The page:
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8 New Driver Rules for My Teen When They Start Driving

I know that getting your driver’s permit is an exciting time! You’ve waited a long time for this, but before you start the engine and put your hands at 10 and 2, I need to tell you my rules for new drivers learning to drive.

Learning to Drive: 8 Rules for a New Driver

1. Take the driving class seriously.

You may think you can get away with doing as little as possible and still pass your driving class, but please take it seriously. If you don’t pay attention in driving class, you won’t do well when you’re driving on the road. Remember that everything you learn in your driving class is applicable to what you do on that road.

2. Obey the law.

Don’t be tempted to bend the rules of the road once you gain some confidence in your driving skills. Breaking the driving laws has consequences. You not only risk getting a ticket that will hurt your driving record and bank account, but you could kill someone, including yourself.

3. Don’t touch your phone. Ever.

You will be tempted to answer a call or read a text when you are behind the wheel, especially once you’re comfortable and confident with your driving abilities. But using your phone could put yourself or others at risk for an accident. Put your phone out of reach until you’re parked!

4. Never drive when you’re impaired by alcohol or drugs.

If you have had anything in your system, you cannot and should not operate a motor vehicle. Please don’t fool yourself into thinking, “I’m fine. I can drive this short distance home.” No, you can’t.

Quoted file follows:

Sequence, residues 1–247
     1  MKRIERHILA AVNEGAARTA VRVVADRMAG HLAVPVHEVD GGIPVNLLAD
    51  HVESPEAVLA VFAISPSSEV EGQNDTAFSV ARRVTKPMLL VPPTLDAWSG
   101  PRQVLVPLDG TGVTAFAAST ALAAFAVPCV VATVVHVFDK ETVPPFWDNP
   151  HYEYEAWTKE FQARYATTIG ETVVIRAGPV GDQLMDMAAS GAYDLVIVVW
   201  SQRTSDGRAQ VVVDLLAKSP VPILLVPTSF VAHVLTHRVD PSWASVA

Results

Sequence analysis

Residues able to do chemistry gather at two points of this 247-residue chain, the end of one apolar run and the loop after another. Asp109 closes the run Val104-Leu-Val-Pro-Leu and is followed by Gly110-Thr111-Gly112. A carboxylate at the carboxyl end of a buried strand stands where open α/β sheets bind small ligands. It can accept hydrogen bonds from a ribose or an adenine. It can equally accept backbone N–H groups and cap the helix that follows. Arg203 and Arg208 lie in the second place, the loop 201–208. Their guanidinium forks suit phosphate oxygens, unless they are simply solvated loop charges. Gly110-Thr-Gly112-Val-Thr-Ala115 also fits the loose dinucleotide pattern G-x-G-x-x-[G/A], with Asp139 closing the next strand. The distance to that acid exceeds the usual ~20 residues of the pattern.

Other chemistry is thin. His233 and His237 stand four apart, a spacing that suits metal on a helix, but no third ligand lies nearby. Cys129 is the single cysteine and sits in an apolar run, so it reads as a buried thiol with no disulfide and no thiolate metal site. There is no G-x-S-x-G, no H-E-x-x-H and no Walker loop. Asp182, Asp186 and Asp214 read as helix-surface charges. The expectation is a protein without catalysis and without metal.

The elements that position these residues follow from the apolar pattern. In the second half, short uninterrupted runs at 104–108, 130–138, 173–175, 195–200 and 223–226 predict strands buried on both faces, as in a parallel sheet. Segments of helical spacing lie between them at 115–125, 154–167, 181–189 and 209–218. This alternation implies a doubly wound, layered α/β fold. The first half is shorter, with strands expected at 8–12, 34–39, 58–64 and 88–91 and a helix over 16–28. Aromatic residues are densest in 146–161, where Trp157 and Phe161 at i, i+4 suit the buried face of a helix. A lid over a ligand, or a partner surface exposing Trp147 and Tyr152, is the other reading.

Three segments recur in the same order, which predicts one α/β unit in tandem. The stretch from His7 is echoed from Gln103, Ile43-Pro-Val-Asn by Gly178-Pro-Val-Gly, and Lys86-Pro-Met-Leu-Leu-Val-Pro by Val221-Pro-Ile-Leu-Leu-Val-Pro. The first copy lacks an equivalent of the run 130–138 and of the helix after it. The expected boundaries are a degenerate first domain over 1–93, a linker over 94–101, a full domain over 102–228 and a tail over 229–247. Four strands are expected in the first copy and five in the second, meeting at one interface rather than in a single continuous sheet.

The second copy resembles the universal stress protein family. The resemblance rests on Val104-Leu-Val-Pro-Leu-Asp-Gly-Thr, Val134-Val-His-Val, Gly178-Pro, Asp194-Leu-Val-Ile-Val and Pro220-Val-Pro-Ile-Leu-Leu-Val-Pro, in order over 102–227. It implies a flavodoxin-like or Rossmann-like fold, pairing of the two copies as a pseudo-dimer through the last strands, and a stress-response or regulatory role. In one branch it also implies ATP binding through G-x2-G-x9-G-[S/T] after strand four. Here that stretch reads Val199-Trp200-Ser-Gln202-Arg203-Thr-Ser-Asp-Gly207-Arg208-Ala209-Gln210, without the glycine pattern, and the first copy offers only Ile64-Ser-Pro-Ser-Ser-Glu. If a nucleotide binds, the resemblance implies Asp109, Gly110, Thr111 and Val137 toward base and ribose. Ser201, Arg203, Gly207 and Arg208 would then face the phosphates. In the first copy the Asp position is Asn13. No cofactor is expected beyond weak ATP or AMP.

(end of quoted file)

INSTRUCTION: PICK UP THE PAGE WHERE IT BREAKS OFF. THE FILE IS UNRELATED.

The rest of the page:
5. Don’t let yourself be distracted by loud music.

It’s fun and motivating to turn up the music while you’re driving, but loud music can keep you from hearing horns, sirens, or other sounds you need to hear when you’re driving. Enjoy you music, but turn it down so you can be safe.

6. Keep conversation to a minimum.

Speaking of distractions, don’t let conversation in the car distract you from the road. Driving takes your full attention in order to stay safe. Keep the talking to a minimum and if your friends get too loud, ask them to keep it down while you drive.

7. Keep your eyes on the road.

Yes, you need to focus on the road ahead of you, but you should also be scanning your side views and rear view too. Sometimes the most likely road hazard is to the side or behind you, so you need to be mindful of potential risks and able to respond quickly. Make it a habit to be aware of what is going on all around your car as you drive.

Winter driving tips we thought you'd want:

8. Respect the privilege of being able to drive.

Learning how to drive is a privilege and an immense responsibility. Don’t take it for granted and don’t dismiss its value. Drive responsibly as if your life depended on it—because it does.

Christine Carter writes about motherhood and parenting, health and wellness, marriage, friendship, and faith. You can find her work on her blog,, and several online publications. She is the author of Help and Hope While You’re Healing: A woman’s guide toward wellness while recovering from injury, surgery, or illness.” And Follow Jesus: A Christian Teen’s Guide to Navigating the Online World”. 

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